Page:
Recipes like these could (and surely were) used for different purposes, and with varying degrees of success. Books like Piemontese’s Secrets combined ingredients and methods in new ways, but it was the reader who ultimately had control over how a recipe would be used. It was their body that determined if the ‘sweet apple’ would merely stimulate menstruation or provoke an abortion. People had more agency than historians tend to believe. In this instance, it was the body, the womb itself who decided what this recipe would be about. Besides that, it must have tasted lovely. But please don’t go trying 16th-century medicines at home! Just save the apples for baking a pie instead.


Alessio Piemontese, Secreti del Reverendo Donno Alessio Piemontese (Venice: Sigismondo Bordogna, 1555).

Alessio Piemontese, The Secrets of the Reverend Maister Alexis of Piedmont (London: Thomas Wight, 1595).

Jane Sharp, The Midwives Book, Or the whole Art of Midwifry Discovered (London: Simon Miller, 1671).

Further Reading:

Menstruation: A Cultural History, edited by Gillian Howie and Andrew Shail (London: Palgrave Macmillan, 2005).

Regulating Menstruation: Beliefs, Practices, Interpretations, edited by Etienne van de Walle and Elisha Renne (Chicago: Chicago University Press, 2001).

Sara Read, Menstruation and theFemale Body in Early Modern England (New York: Palgrave Macmillan, 2015).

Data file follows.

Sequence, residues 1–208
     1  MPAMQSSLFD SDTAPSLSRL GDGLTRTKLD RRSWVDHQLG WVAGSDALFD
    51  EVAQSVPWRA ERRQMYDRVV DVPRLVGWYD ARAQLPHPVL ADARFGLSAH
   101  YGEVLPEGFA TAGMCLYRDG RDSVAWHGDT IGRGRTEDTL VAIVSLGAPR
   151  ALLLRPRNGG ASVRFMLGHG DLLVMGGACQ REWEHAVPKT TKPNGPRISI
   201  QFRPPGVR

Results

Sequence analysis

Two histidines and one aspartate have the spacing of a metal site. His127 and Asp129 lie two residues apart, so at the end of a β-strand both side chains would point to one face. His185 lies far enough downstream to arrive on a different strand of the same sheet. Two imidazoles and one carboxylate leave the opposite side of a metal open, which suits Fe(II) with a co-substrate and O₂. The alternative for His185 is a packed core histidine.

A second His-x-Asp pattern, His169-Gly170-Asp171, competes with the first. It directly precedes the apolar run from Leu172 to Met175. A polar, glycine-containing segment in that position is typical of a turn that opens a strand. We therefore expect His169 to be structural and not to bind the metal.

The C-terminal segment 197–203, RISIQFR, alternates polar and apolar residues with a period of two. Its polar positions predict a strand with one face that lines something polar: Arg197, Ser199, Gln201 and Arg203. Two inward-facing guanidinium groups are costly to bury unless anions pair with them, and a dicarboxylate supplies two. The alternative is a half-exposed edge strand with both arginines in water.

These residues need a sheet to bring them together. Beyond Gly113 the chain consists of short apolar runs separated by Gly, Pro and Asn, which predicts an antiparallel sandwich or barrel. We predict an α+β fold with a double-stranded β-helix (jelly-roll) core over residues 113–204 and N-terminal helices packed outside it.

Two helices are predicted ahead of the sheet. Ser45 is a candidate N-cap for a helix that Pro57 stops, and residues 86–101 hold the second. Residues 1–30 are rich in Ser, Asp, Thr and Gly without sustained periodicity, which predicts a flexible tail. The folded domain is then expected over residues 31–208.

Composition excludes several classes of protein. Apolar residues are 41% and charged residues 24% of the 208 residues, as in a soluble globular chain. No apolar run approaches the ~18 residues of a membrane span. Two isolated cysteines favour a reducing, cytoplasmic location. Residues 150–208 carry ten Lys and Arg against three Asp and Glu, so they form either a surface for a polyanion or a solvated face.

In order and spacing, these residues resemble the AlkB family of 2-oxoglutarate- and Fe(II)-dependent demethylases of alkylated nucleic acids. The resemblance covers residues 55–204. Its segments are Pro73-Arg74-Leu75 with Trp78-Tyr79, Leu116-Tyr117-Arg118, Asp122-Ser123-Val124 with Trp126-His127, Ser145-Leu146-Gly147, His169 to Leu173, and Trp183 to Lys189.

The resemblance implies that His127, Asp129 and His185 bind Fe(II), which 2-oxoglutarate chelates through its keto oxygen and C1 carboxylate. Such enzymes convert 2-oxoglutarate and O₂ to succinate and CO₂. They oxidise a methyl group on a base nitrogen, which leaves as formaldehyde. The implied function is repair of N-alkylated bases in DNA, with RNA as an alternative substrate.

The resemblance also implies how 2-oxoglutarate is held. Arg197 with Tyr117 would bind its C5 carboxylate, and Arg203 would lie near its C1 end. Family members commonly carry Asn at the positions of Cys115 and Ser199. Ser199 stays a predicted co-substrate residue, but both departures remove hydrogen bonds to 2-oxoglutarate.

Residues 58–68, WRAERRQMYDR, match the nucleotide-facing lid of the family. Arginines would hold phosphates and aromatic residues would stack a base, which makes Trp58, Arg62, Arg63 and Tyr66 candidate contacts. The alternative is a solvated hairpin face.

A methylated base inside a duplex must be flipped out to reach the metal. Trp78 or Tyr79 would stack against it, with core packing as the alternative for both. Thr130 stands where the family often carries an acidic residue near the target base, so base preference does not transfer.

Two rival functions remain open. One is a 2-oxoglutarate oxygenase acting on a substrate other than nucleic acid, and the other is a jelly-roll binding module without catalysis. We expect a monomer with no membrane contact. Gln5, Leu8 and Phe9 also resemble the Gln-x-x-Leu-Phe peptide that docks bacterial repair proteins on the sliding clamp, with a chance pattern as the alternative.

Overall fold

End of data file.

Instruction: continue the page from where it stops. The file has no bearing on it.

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Green Sickness and Virginity

From the mid-16th century to the early 20th century, young girls described as suffering from bodily weakness, dietary disorders, heart palpitations, fainting spells, paleness, and an absence of menstruation (amenorrhoea), were often given the diagnosis of ‘green sickness’, the ‘disease of virgins’. But what was this medical condition? And what can it tell us about the way that female sexuality and puberty were understood in the past? I believe that social and cultural anxieties around young women’s developing sexuality were behind this disease’s construction, and its treatment ultimately aimed to control this sexuality.

But first things first. Medical historians are often asked about the contemporary equivalent of a given condition in the past. But it’s usually a bad idea to try comparing historical sources describing illnesses with how we understand medicine today. Green sickness has been associated with several modern conditions, from anorexia nervosa to pica, malnutrition, or anaemia. However, tempting as they may be, retrospective diagnoses can be misleading. For starters, we can’t assume that all the people described as suffering from the same condition indeed were. But the main issue is that there’s often not a direct contemporary equivalent to diseases of the past.

Our understanding of diseases and the body change more through time than we realise, and green sickness was a disease born out of the humoral understanding of the body, which prioritised fluids over organs as what determined medical conditions. In the case of green sickness, blood (and specifically menstruation) was central. Blockages in the natural economy of fluids, such as menstrual retention, were a serious medical concern. Therefore, it is not surprising that treatments included recipes to provoke menstruation, often using ‘hot and dry’ ingredients, such as onions, ‘red’ sage, betony, or rue. So, where does marriage come into that?